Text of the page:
Do you know how much of your personal information is floating around? It's more than you think and very easy to find. Phone numbers, home addresses, email accounts. As my recent story about gamers who got swatted showed, anybody can become a target. You don't have to be someone with a million followers. Social…
Oh dear. Chinese mobile app FengKuang LaiWang "leaked" over 35,000 user videos online, including clips of players in their underwear or naked.
When you step outside, anyone can snap your photo. And said photo could spread all over cyberspace—Twitter, Facebook, you name it. Heck, it could even end up here! Maybe you don't want that. Maybe you want privacy. Maybe you don't mind looking silly.
Privacy and player data on Xbox One have been big concerns ever since Microsoft revealed its next console. If Microsoft's latest changes regarding Kinect and privacy haven't quieted your worries, you can read through their privacy statement in full over here. Be sure to click on the learn more links to expand each…
Responding to worries that an always-on Kinect sensor recording camera and audio information would be a threat to user privacy, Microsoft offers a simple solution: the ability to turn the Kinect off, which they'd told us about. Better: pause it while gaming.
A $3 million settlement by Playdom, the Disney social games studio, sends a pretty clear message that the U.S. Child Online Privacy Protection Act isn't messing around. Violate it, and it will be expensive.
"I was disappointed that Sony did not proactively notify my office...It seems to me that it's time to begin imposing fines - significant, attention-getting fines - on companies when poor privacy and security practices lead to breaches.'' [The Vancouver Sun]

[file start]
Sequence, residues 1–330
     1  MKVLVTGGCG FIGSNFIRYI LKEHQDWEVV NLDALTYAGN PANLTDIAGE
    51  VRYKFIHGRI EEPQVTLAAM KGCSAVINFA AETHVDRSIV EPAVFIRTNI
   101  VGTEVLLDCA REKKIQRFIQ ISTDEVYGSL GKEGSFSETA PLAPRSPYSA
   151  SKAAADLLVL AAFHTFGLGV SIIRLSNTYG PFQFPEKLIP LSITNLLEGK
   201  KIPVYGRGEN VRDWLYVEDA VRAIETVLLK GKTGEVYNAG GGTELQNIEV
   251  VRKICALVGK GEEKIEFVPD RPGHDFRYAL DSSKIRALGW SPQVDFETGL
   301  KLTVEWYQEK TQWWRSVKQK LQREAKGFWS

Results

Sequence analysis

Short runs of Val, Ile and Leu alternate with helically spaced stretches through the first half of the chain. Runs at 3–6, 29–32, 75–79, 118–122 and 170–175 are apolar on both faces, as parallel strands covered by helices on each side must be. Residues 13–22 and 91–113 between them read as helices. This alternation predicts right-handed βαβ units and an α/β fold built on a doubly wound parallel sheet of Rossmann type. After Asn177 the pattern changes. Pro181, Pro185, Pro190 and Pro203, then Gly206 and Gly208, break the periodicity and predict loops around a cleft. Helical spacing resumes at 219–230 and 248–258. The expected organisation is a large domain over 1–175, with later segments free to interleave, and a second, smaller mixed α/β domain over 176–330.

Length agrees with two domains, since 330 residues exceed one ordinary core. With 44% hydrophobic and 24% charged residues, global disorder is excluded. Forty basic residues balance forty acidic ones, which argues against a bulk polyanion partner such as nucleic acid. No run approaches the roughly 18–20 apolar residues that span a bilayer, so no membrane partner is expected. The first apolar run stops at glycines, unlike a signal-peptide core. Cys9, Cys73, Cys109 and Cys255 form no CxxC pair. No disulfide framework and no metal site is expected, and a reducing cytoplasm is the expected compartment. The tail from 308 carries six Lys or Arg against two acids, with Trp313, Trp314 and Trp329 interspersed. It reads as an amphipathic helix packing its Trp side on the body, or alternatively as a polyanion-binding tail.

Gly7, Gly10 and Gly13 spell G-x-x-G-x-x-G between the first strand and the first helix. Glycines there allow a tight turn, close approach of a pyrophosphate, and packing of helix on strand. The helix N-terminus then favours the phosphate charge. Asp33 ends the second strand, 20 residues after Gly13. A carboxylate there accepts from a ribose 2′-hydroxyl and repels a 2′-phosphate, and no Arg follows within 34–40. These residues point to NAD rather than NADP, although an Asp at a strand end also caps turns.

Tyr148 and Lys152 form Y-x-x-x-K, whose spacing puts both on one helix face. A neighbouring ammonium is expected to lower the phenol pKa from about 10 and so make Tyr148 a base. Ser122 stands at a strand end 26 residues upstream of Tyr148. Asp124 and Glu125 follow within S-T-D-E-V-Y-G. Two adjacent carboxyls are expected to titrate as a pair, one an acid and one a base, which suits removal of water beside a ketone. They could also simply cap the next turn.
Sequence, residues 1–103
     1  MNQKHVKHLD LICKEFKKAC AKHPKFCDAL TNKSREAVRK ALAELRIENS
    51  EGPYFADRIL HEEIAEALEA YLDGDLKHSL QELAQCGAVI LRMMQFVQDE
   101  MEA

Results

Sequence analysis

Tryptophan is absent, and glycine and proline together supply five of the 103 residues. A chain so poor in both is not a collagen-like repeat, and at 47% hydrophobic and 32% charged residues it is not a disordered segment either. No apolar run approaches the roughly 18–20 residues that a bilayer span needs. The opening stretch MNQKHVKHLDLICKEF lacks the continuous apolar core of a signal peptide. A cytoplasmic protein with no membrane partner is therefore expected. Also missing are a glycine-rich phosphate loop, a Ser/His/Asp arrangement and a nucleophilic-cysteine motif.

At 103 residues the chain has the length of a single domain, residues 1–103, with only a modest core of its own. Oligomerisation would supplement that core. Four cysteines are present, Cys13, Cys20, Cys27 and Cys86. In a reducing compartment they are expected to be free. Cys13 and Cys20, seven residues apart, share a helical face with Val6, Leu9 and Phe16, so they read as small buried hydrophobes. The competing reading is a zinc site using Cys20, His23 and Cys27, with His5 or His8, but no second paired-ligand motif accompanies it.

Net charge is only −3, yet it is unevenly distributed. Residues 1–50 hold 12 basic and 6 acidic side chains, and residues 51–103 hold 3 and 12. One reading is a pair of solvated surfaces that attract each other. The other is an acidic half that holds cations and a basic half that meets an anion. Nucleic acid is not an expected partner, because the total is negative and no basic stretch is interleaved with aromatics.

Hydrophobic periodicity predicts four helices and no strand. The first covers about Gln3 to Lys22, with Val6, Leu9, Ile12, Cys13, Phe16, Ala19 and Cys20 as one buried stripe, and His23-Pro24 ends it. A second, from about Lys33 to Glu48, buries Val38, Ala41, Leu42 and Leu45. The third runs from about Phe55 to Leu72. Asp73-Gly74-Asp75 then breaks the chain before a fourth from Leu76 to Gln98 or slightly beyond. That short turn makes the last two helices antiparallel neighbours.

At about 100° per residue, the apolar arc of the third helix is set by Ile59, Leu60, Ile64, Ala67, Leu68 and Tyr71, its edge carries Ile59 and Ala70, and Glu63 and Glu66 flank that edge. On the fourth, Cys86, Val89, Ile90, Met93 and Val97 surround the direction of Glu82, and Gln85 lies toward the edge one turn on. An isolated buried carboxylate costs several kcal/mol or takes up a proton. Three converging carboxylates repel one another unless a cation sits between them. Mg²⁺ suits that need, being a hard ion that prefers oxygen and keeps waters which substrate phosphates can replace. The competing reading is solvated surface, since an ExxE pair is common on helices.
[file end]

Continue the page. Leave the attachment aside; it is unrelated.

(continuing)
This is a map of everywhere I've been for nearly the last year. Everywhere. I didn't carry around a special tracking device. The FBI isn't sending goons in unmarked vans to track me. All I did was use an iPhone. And if you have an iPhone, you're being tracked right now, too, whether you like it or not.
Caught in the blast of Sony's lawsuit against the man who jailbroke the PlayStation 3 is anyone who may have visited his website, under a court order that set off privacy advocates and further angered hackers.
Speaking at an investor's conference on Thursday, a Microsoft executive offered that Kinect not only knows how many are in the room when an ad's shown, but what kind of team colors they might be wearing. Uh-oh.
Microsoft's new Kinect device will put an advanced sensor array in the living room of millions of people, an Internet-connected set of machine ears and eyes capable of capturing voice, recognizing faces and tracking body movement.
Dozens of Facebook applications, including Zynga's wildly popular casual games FarmVille, Mafia Wars and FrontierVille, transmit user data in violation of the social network's privacy settings, according to a new report from the Wall Street Journal.
Calling it a "truly disappointing" mistake, the Entertainment Software Ratings Board has apologized directly to those whose email addresses it exposed in a reply concerning Blizzard's now-abandoned plans to require forum members to use their real names.
Sometimes irony can be delicious. In this case, it's a little bit tragic, with the ESRB publicly releasing the email addresses of people who had written to the board to protest...the revelation of private information.
How do you stem the tide of a forum flooded with flame wars, trolling, and other unpleasantness? Just do what Blizzard is about to do in the official forums for StarCraft II and World of Warcraft: Display posters' real names.